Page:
Helena-based Dick Anderson Construction expects to begin restoration work on the historic Sperry Chalet next month after being awarded a $4 million contract by the National Park Service.
Park Service officials bypassed the open bidding process when they awarded the contract, with spokesperson Sally Mayberry saying on Tuesday that they needed to use an expedited contracting method in order to meet project deadlines.
Park service officials said there was an "unusual and compelling urgency" to begin work in July to permanently stabilize the burned chalet's stone walls before the heavy snow starts to fall in autumn.
The park service's Denver Service Center, which helps plan and design large construction projects, decided to limit the bidding competition to four large Montana construction companies, which it identified through research. Two of the companies submitted bids, with Dick Anderson Construction winning the contract over Swank Enterprises.
A representative with Swank Enterprises declined to reveal the amount of its bid.
Abraham Xiong, president of the Atlanta-based Government Contractors Association, said the U.S. government often invokes regulations that allow it to bypass the normal bidding or procurement process, particularly for projects of $4 million or less.
"It all depends on what justification they use," Xiong said. "If it's a matter of safety, if it's a matter of national security."
In a park service document signed May 8 and titled "Justification and Approval For Other Than Full and Open Competition," officials said Sperry Chalet presents a public safety issue.
"Failure to complete the permanent stabilization as soon as possible will result in life safety hazards to the visitors, further damage to the structure and potential loss of historic significance of the existing building, all of which may result in additional monetary damages to the NPS," the document says.
Limiting bidding and using a local company would allow faster mobilization, allow for more time to procure materials, and the company would bring knowledge of the resources available, the document says.
This summer’s work will include permanent stabilization of what was a wood and stone structure until an ember storm on Aug. 31, 2017, during the Sprague fire. After the fire, only the stone walls and chimney remained; the chalet dormitory, which was part of the Sperry complex, was built in 1914. A nearby dining hall was slightly damaged during the fire.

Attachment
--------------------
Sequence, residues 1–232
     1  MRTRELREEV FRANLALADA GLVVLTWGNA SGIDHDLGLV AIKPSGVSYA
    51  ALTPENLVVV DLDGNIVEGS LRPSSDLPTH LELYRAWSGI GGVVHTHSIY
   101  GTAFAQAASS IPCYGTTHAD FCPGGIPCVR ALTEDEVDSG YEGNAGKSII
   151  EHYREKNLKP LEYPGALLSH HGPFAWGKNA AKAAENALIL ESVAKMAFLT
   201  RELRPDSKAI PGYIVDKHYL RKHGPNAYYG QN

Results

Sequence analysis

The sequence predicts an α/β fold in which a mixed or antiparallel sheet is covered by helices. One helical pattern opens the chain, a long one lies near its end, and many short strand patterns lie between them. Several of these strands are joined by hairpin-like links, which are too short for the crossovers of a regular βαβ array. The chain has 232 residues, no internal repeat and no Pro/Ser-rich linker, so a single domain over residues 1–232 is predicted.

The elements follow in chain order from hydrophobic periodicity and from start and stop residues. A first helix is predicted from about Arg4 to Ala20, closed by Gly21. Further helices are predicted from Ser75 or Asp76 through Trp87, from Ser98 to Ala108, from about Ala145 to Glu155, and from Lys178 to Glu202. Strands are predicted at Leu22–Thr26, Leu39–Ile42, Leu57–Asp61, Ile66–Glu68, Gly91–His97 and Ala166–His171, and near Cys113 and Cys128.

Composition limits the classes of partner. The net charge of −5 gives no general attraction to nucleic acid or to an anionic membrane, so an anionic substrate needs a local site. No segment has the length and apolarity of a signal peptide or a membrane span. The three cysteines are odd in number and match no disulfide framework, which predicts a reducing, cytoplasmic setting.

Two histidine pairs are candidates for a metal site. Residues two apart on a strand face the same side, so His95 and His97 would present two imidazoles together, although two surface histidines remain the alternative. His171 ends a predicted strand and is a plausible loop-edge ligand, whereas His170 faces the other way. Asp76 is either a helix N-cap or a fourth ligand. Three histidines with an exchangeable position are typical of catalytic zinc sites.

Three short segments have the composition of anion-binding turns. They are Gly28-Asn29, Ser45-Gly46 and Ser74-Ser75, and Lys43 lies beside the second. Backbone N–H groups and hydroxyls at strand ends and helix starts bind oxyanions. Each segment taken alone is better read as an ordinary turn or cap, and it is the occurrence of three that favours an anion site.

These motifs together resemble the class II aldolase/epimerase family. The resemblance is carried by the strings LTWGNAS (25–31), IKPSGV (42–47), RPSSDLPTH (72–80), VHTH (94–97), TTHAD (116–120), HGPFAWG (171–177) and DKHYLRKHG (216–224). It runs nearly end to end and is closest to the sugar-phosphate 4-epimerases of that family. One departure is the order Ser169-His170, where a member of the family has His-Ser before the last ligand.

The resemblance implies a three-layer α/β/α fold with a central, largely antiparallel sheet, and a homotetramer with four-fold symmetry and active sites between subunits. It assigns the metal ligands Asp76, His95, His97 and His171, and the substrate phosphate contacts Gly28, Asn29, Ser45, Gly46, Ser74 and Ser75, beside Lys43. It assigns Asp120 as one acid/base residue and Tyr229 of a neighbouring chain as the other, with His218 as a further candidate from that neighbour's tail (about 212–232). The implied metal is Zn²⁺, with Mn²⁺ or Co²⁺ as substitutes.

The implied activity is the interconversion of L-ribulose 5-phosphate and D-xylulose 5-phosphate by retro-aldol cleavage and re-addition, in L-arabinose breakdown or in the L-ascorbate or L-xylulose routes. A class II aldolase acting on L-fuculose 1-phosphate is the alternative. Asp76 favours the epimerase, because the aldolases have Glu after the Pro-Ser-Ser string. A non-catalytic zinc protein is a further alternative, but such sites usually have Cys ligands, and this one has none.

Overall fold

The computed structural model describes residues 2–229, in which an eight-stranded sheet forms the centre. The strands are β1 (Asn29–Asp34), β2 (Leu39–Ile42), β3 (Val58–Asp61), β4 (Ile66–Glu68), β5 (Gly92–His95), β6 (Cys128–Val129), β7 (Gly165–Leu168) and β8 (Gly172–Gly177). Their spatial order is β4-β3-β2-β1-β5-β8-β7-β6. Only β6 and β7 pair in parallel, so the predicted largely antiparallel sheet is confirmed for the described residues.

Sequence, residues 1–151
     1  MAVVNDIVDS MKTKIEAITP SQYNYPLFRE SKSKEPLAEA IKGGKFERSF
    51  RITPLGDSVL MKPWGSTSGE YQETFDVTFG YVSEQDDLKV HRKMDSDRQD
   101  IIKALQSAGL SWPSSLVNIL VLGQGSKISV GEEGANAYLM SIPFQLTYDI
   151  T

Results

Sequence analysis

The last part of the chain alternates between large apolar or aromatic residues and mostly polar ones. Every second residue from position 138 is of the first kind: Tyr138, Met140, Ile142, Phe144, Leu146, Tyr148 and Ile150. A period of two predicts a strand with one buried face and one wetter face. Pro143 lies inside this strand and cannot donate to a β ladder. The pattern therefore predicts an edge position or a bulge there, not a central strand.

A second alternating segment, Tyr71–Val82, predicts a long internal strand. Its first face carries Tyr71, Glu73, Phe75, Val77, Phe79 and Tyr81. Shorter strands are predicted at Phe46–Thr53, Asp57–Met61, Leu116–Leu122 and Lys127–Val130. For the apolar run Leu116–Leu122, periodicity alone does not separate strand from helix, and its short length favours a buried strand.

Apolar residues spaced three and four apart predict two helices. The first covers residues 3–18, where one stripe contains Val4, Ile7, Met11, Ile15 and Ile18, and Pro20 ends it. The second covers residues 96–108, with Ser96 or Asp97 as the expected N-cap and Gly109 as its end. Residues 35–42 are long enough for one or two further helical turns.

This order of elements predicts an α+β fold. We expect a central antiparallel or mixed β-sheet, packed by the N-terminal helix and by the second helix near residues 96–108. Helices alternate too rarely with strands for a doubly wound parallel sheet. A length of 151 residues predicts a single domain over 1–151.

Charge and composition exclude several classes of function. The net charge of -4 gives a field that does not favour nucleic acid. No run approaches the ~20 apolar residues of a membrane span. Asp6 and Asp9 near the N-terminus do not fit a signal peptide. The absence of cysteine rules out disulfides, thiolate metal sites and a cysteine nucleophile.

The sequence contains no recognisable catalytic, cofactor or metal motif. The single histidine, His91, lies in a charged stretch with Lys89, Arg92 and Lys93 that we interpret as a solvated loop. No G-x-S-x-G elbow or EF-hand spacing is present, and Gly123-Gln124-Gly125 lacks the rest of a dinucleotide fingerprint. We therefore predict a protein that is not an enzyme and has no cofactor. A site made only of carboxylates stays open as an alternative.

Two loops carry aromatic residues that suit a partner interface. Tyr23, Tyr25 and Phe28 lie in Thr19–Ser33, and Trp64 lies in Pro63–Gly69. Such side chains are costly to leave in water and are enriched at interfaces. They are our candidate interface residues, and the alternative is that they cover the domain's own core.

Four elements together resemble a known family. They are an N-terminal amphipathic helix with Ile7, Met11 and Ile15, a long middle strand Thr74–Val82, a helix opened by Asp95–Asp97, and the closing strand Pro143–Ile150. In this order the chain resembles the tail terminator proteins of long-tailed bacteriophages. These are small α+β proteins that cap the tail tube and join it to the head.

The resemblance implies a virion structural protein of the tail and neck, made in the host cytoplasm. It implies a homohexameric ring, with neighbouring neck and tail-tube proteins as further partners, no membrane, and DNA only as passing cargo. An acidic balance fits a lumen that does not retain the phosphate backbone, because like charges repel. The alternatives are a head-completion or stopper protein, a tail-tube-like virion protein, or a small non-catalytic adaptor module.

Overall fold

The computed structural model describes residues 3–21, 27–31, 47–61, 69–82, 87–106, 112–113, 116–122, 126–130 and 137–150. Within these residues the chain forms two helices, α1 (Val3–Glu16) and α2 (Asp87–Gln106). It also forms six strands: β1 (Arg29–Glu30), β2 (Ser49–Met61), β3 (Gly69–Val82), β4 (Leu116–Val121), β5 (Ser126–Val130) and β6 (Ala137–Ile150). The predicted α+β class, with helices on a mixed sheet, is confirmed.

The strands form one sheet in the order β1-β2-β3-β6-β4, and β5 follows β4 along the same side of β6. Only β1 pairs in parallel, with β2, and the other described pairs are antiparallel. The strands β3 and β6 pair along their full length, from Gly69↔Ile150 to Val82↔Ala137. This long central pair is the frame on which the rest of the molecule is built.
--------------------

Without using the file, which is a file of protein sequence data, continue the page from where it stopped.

The iconic Sperry and Granite chalets are the only remaining stone lodges in Glacier that hearken back to the days when visitors arrived on the Great Northern Railway to explore the park by horseback.
“The fact that we are here today to announce the award for Phase I of the Sperry rebuild speaks to the power of the Glacier community and partnership. Throughout our design process, we heard from visitors around the world about the significance of the Sperry Chalet visitor experience,” Park Superintendent Jeff Mow said in a news release.
This summer’s stabilization effort includes roofing and interior seismic walls to further protect the structure.
Federal funds will cover the reconstruction work this year, as part of a $257 million allocation for maintenance projects for national parks in the Department of Interior budget. Secretary Ryan Zinke earmarked $12 million in the budget for the Sperry Chalet restoration work.
Along with the $4 million this year, funding for subsequent phases include a $1.2 million property insurance reimbursement, privately solicited donations from the Glacier National Park Conservancy, and the additional federal funds. Work on the reconstruction project is expected to wrap up in 2019, after crews finish the roof, construct interior floors, framing and finishes, and any remaining exterior work.
The conservancy raised $200,000 immediately after the fire, which was used for emergency stabilization of the stone walls and chimneys.
"The outpouring of support for this project has been inspiring," Doug Mitchell, executive director of the conservancy, said in the same news release. "We're honored to help provide private, philanthropic support for this historic project.”
That work is expected to reduce subsequent project costs. Unforeseen events or conditions, could affect both the construction schedule and costs. No final cost estimates have been released.
The plan calls for the chalet dormitory to reflect its “period of significance” from 1914 to 1949, with some critical upgrades including fire-resistant materials. It will be rebuilt in the same location, despite concerns about avalanches, and the two-story structure will again sleep about 50 people once it’s rebuilt.
Because of its remote location and limited construction season, crews and support staff are expected to live on-site for about 12 weeks. Anywhere from 150 to 220 round trips by a helicopter, as well as 35 to 60 round trips on pack strings, are expected to transport about 200 tons of construction materials and equipment, as well as supplies and food for the crews, which could number between 12 and 25 people.
“Visitors can expect construction activity to be ongoing throughout the summer with helicopter trips and pack animals on the Gunsight Trail,” said Lauren Alley, a Glacier park spokesperson. “The trail may close intermittently to protect public safety depending on the level of construction activity. Folks hiking in the area should check the park's trail status page for updates before they head out.”
The NPS' Denver Service Center will oversee the upcoming project.
The Associated Press contributed to this story.